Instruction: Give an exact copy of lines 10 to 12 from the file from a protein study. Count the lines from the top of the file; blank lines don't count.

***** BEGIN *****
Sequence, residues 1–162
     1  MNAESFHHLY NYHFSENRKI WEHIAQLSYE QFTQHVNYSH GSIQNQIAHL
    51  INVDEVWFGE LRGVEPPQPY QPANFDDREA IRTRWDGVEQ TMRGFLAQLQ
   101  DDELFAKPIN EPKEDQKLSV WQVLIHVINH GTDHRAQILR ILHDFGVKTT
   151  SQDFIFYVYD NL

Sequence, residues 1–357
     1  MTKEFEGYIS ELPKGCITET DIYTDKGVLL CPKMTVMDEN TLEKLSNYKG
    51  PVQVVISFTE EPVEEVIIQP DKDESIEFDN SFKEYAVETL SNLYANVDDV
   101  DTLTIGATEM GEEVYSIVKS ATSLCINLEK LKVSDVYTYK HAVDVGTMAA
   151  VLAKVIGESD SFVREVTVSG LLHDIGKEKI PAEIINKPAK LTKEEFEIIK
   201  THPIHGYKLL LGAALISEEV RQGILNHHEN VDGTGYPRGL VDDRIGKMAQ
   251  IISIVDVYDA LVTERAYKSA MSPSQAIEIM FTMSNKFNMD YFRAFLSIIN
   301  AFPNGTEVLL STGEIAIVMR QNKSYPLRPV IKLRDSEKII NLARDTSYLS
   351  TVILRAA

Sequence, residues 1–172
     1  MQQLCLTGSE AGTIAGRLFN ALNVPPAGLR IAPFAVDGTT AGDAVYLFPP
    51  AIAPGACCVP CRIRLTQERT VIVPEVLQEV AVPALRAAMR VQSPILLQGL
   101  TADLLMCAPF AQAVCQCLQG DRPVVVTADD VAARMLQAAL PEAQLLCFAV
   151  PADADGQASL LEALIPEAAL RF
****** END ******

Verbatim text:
   151  VLAKVIGESD SFVREVTVSG LLHDIGKEKI PAEIINKPAK LTKEEFEIIK
   201  THPIHGYKLL LGAALISEEV RQGILNHHEN VDGTGYPRGL VDDRIGKMAQ
   251  IISIVDVYDA LVTERAYKSA MSPSQAIEIM FTMSNKFNMD YFRAFLSIIN